In 2007, Lorena Ochoa won a Woman of the Year award. In 2008 the award was granted to two Yemenis: 10-year-old divorcee Nujood Ali, and the lawyer who took on her case.[15][16] Nujood's courage was praised by prominent attendees, including Hillary Clinton and Condoleezza Rice.[17] The 2010 Glamour Woman of the Year was Cher and the 2016 Glamour Woman of the Year was Zendaya

Old logo used from 2018-2023

International editions Edit

Glamour launched in the UK in April 2001, where it pioneered the “handbag size” format, with the tagline "fits in your life as well as your handbag". Each September, the magazine held “National Glamour Week”, when it featured extra coupons and competitions. In 2016, Glamour UK launched the Glamour Beauty Festival, on a new off-page beauty event featuring demonstrations, treatments and speakers.[18]

From its launch to the final traditional issue in November 2017, the magazine was edited by Jo Elvin, with Michelle Pamment serving as acting editor briefly in 2005.[19] In June 2009, to celebrate Glamour's eighth birthday in the UK, made a gallery of every cover since its launch.[20] In October 2017, following declining sales, it was announced that publication of the monthly UK edition would end at the end of 2017, and that the UK version would be a semi-annual publication.[21][22] In November 2017, Deborah Joseph was appointed Chief Content Officer of Glamour UK.[23]

The Italian edition of Glamour was launched in December 1976, under the title Lei (She), then officially renamed Glamour, like its U.S. counterpart, in 1992.[citation needed]

The Russian edition was established in 2004, and is published monthly.[24]

The South African edition launched in April 2004 and is published monthly.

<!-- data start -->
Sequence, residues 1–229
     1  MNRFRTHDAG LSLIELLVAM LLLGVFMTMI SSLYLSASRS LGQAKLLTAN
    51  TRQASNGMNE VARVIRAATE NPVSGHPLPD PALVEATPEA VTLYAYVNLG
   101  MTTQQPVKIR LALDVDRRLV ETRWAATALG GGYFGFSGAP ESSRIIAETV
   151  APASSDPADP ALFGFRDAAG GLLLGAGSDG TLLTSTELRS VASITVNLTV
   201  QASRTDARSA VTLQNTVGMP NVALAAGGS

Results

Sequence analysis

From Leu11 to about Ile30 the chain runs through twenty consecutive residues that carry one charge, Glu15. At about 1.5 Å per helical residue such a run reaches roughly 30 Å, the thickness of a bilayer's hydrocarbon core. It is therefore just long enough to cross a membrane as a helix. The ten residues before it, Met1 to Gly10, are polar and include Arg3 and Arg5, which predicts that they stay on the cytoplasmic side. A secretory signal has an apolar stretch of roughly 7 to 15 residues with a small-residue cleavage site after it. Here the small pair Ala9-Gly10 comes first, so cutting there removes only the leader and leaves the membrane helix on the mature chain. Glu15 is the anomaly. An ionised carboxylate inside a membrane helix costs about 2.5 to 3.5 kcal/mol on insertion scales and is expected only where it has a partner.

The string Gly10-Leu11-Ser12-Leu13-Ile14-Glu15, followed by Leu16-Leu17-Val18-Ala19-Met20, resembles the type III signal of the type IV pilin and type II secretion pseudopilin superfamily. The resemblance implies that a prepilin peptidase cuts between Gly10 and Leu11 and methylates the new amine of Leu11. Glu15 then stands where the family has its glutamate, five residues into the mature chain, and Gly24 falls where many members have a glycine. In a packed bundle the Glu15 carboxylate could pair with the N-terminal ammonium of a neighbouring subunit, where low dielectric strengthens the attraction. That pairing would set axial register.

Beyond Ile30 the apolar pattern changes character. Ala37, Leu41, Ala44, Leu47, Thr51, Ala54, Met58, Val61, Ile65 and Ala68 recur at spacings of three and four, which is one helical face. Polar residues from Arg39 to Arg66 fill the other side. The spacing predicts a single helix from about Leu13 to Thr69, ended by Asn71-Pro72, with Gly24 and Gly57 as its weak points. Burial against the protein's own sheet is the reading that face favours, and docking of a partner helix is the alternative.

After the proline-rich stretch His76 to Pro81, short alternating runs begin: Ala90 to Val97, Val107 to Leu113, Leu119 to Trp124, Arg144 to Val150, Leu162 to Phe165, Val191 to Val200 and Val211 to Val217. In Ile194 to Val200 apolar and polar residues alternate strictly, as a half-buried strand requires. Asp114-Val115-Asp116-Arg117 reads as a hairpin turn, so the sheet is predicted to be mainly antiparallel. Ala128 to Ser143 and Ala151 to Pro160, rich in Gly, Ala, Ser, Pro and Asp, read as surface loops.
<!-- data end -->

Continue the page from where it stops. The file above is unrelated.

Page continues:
Glamour is also published in Germany, Spain, Mexico, Poland, Hungary, France, Russia, Sweden, Brazil, Turkey, Greece, Israel, the Netherlands, Romania and Bulgaria. There is also a third Spanish edition, published in the Spanish-speaking countries of Latin America.

Editors of international editions Edit

Country Circulation dates Editor-in-chief Start year End year
United States 1939- Alice Thompson[25] 1939 1941
Elizabeth Penrose 1941 1953
Nina Kyle 1953 1954
Kathleen Aston Casey 1954 1967
Ruth Whitney 1967 1998
Bonnie Fuller 1998 2001
Cynthia Leive 2001 2017
Samantha Barry 2018 present
South Africa 2004–present Pnina Fenster 2004 2018
Asanda Sizani 2018 2019
Nontando Mposo 2020 present
Italy 1992–present Grazia d'Annunzio 1992 1994
Valeria Corbetta 1994 2003
Danda Santini 2003 2004
Paola Centomo 2004 2013
Cristina Lucchini 2013 present[26]
Mexico/Latin America 1998–present Mar Abascal 2007 2012[27]
Lucy Lara 2012 2017[28]
Valeria Pérez 2017 present[28]
United Kingdom 2001–present Jo Elvin 2001 2017[29]
Deborah Joseph (CCO) 2018 present
Germany 2001–present Nikolaus Albrecht 2004 2008[30]
Andrea Ketterer 2008 present[31]
Spain 2002–present Alicia Parro 2002 present
Poland 2003–present Anna Jurgaś 2003 present
Hungary 2004–present Krisztina Maróy 2004 present[32]